Hopland is great place with many fun tasting rooms.  Terra Savia is a good winery to start at.  But don’t just take my word for it.  Make it your destination, soon.


As always, drink and drive responsibly.



Wine at Sunset

Mendocino County — the Wine Place


Absense makes the heart grow fonder”

~Eleanor RooseveltA Beautiful Bunch

Hello, all,

I have out of touch a bit and sorry for that.  It was necessary to take a break in order to get a vacated rental house back in shape.  But, now that is done, I am back and just spent a pleasant few weeks in Mendocino County of northern California.  Put this on your to do list!

The sign welcoming visitors to Mendocino County states the county has Wilderness, Waves and Wine.  Nothing could be truer!

This gorgeous place, approximately 100 miles north of San Francisco, can fulfill the wants of anyone, guaranteed.  For those with a serious yen to get away, take Route 162 (off Highway 101) to Covelo and the Round Valley.  This is area time has left alone.  Fresh air, fabulous stars, groves of conifers and oaks and the pristine Eel River – the Round Valley is a special, almost sacred feel.  Originally settled by Native Americans, the valley is the jumping off spot for the Yolla-Bolly Wilderness Area and the Mendocino National Forest.  Both areas offer numerous hiking and primitive camping opportunities and a chance for real solitude.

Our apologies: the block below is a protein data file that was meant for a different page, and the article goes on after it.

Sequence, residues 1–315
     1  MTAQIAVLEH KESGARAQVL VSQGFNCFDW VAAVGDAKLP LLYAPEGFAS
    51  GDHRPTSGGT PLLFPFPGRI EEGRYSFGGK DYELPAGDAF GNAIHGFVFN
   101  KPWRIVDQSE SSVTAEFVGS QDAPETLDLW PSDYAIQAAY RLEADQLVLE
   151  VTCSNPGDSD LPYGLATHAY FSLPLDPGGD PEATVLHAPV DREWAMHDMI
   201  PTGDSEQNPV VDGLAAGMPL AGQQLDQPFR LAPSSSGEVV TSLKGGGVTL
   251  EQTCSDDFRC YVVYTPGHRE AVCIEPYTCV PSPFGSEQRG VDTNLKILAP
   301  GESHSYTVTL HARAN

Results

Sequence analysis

The northernmost region of Mendocino County is home to the treasured Smith Redwoods State Reserve.  To drive through these incredible groves of trees is to know beauty.  Do yourself a favor, take some time and hike through history.

Mendocino County’s western side is one of California’s most dramatic coastlines.  Dotted with darling towns, from artsy Gualala to up-scale Mendocino and Ft. Bragg, the coast is the perfect spot for whale watching, to experience a winter storm or a peaceful beach stroll.  Many beaches and lodgings gladly welcome pets.